McCain toured the Enrico Fermi 2 nuclear power plant near Monroe, Mich., as he sought to highlight his support for nuclear power as a key to the country's independence from foreign sources of energy.
Wearing a hard hat with earplugs attached, protective glasses and gloves, McCain toured the plant's control room and turbines, asking questions about safety and training.
But the visit raised questions about his repeated insistence that nuclear power is free from safety concerns. The first Fermi reactor -- located adjacent to the reactor McCain toured -- suffered a partial meltdown and was mothballed in 1972.
As he often does, McCain noted the U.S. Navy's experience with nuclear-powered ships and submarines, and his experience on the first such ship, the USS Enterprise. "I knew it was safe then, and I know it's safe now," he said.
In April, he said: "My friends, the United States Navy has sailed ships around the world for more than 50 years with nuclear power plants on them and we've never had a single accident."
But last week, the Navy reported that a nuclear-powered sub leaked tiny amounts of radioactive water as it navigated the globe. The Navy said the leak from the USS Houston was negligible.
"Safety is always a concern when it comes to power sources, but ultimately the perfect shouldn't be the enemy of the good, and nuclear power is an important part of John McCain's 'all of the above' approach to gaining energy independence," said McCain spokesman Tucker Bounds.
McCain used the appearance at the nuclear plant to assert once again that Obama "says no" to the energy solutions the Republican is pushing, including increased exploration for oil and natural gas off the nation's coastlines.
"The fact is, we have to drill here and we have to drill now and we have to drill immediately," McCain said, repeating a now-common refrain. "I believe that it's vital that we move forward with that."
"Solving our national energy crisis requires an 'all of the above' approach," McCain said. "Senator Obama has said that expanding our nuclear power plants 'doesn't make sense for America.' He also says no to nuclear storage and reprocessing. I couldn't disagree more."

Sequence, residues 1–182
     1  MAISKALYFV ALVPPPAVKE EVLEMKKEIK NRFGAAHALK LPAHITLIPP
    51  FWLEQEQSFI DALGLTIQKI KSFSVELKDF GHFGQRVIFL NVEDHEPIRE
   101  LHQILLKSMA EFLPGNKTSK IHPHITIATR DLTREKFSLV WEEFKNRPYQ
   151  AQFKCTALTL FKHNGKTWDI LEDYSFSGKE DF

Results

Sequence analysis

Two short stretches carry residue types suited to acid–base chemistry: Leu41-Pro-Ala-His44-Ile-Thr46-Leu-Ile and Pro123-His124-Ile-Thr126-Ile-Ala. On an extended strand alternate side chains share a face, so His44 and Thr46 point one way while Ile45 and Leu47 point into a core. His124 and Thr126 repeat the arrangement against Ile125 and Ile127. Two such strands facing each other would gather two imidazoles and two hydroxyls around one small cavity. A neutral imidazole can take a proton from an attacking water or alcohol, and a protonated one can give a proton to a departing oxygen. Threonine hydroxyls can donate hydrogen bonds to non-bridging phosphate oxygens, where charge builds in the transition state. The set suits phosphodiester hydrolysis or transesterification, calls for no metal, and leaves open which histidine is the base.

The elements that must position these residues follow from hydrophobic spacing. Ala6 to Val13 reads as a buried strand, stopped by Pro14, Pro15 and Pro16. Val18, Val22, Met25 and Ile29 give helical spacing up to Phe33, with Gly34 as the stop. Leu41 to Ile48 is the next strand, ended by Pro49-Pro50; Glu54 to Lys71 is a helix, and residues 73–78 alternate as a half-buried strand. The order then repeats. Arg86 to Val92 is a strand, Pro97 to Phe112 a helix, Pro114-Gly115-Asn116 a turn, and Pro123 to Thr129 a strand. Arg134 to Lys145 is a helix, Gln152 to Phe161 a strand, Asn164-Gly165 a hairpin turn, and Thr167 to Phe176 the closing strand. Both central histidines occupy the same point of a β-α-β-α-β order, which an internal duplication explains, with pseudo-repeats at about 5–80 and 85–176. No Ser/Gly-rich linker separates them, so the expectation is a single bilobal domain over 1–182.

Obama aides, on the defensive in recent weeks as the McCain campaign has repeatedly described him as "Dr. No" on energy, emphasized Tuesday that their candidate backs the use of nuclear power, although he has been less bullish on the technology than McCain. Obama has said the security of nuclear fuel and waste must be addressed before an expansion of nuclear power is considered.
In recent days, Obama has modified his positions on key energy issues, saying he would remove oil from the nation's emergency reserves to reduce gas prices in the short term and could back some offshore oil drilling. But he blasted McCain's focus on drilling.
"That's what he talked about yesterday, 'I want to drill here. I want to drill now,' " Obama said, quoting McCain talking in South Dakota on Monday. "I don't know where he was standing. I think he was in a building somewhere. This plan will not lower prices today; it won't lower prices during the next administration."
He also cast McCain's recent tactics, such as airing an ad that likened the Democratic nominee to celebrities Paris Hilton and Britney Spears, as part of his move toward Bush's style of politics, which Obama pledges to change.
"John McCain wants to talk about Paris Hilton and Britney Spears -- that's his idea of a relevant campaign -- but I don't have time to deal with that mess," Obama said to loud applause at a high school in Youngstown.